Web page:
By Talia Kruger and Alexis Rios-Jimenez
WASHINGTON DC- In an open letter addressed to the Council of the District of Columbia, The Sentencing Project, a national organization focused on criminal justice research and advocacy, urged the council to pass the Revised Criminal Code Act of 2022 (RCCA).
In the letter, the organization asserts its steadfast support for the bill and emphasizes that its passage would “bring D.C’s criminal penalties closer in line with criminological evidence on public safety, improve fairness and proportionality and advance racial justice in the criminal legal system.”
The provisions contained in the bill are intended to aid in the reduction of what the organization describes as “extreme prison sentences,” explaining they are a hindrance to public safety and inextricably imbued with racial bias.
Of the many provisions contained in the bill that The Sentencing Project champions, TSP points out four important features of the RCCA in particular, highlighting the positive impact they would have as the result of “years of research, community feedback, criminal legal stakeholder input, and negotiation.”
The first of the provisions described in the letter is the reduction of most mandatory minimum sentences with the exception of first degree murder, which would carry a minimum sentence of 24 years.
Supported by a slew of nationally recognized organizations such as the American Bar Association, the American Law Institute, and the NAACP Legal Defense and Educational Fund, the introduction of this aspect of the bill would inarguably prove to be a significant driver for reform in the justice system and establish a new model that could spark a national conversation on the elimination of all mandatory minimum sentences.
As described in the letter, mandatory sentencing “has been a key driver of mass incarceration by dramatically increasing the lengths of imposed sentences, and has contributed to DC ranking eighth among states in its incarceration rate.”
The letter then addressed a section of the RCCA which would restrict maximum sentences to 45 years, which it explains would “still be a ‘de facto’ life sentence by the U.S. Sentencing Commission.”
Pushing for the elimination of life-without-parole sentences since 2004, TSP has allied with 200 organizations in recommending that maximum sentences be capped at 20 years, except in unusual circumstances due to a strong belief that current maximum sentences are “cruel, costly, and counterproductive to public safety.”
Further, research results are presented in TSP letter showing individuals tend to “age out of crime,” after peaking from the “late teenage years and beginning a gradual decline in the early 20’s.”
The intent behind this provision, explained TSP, would be to ensure that incurring the massive costs of incarcerating individuals for a prolonged period are avoided by keeping individuals only as long as they present a statistical probability of reoffending or of posing a continued threat to community safety.
Another provision the RCCA posits is the expansion of the scope of “Second Look” inquests, which would initiate sentencing reconsideration for all adults who have been imprisoned for 20 years.
The Sentencing Project explains this policy “is backed by the wealth of evidence that individuals age out of crime, and the concept of second look is endorsed by leading legal experts.”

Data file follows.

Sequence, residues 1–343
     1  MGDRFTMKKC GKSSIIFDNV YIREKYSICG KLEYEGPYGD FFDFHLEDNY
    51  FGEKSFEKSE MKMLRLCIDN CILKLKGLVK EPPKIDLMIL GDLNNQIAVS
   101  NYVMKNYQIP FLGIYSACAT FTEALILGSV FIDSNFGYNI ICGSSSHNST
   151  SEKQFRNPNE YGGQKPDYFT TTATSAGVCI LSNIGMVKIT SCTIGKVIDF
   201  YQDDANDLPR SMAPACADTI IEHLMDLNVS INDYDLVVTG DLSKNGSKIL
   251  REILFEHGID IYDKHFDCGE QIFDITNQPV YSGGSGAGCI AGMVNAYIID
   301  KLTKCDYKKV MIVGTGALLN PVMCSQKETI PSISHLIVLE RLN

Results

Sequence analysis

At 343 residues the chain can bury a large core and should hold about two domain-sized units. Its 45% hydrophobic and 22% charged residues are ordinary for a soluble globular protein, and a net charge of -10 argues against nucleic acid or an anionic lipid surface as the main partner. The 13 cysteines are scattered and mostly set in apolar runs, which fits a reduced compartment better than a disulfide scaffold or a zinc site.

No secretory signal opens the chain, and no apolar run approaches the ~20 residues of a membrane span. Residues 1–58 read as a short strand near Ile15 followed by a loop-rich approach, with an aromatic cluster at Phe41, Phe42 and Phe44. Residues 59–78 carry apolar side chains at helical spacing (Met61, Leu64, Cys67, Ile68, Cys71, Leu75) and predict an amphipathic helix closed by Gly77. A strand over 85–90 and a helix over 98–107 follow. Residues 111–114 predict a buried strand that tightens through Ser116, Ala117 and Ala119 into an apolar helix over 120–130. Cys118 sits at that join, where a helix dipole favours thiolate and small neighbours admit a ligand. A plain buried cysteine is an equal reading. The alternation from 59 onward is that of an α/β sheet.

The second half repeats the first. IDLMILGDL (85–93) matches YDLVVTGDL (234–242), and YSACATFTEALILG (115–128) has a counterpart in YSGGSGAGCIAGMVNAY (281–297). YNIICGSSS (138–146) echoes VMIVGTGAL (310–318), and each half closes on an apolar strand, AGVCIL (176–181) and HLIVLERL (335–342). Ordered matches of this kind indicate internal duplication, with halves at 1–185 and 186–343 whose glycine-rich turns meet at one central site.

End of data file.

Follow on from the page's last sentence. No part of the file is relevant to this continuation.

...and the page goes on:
One such endorsement says, “The Model Penal Code, for example, advises that everyone whose crime occurred at age 18 or older should be subject to judicial sentencing modification review after serving 15 years in prison.”
Another organization arguing for Second Look provisions is “The American Bar Association’s policy making body, the House of Delegates,” which “urges lawmakers to authorize courts to take a second look at criminal sentences after 10 years of imprisonment.”
The ABA explains: “In Washington, DC, 39 percent of the imprisoned population has already served at least 10 years.” It contends that while they support universal second look sentencing reconsideration after 10 years, the expansion of 20 years by the RCCA is “still an invaluable step in the right direction.”
The last provision that the RCCA would champion is the reduction of the scope and maximum penalty for felony murder.
The Sentencing Project explains, “Felony murder laws impose sentences associated with murder on people who neither intended to kill nor anticipated a death, and even on those who did not participate in a killing…these laws widen the net of extreme sentencing and are counterproductive to public safety. Felony murder laws also have particularly adverse impacts on people of color, young people, and women.”
The RCCA addresses problems relating to felony murder convictions by eliminating accomplice liability, a measure that would “significantly [narrow] its scope.”
Additionally, “By reclassifying felony murder from first- to second-degree murder, the RCCA also limits its potential punishment,” said The Sentencing Project, which advocates for a full repeal of the felony murder law, while noting the RCCA’s more modest reforms are “still a vital limitation on felony murder liability’s harmful impact.
“We urge the full Council to swiftly pass the RCCA. The RCCA is the impressive fruit of years of research, community feedback, criminal legal stakeholder input, and negotiation. Delaying its passage will only delay the fair administration of justice in the District,” said TSP.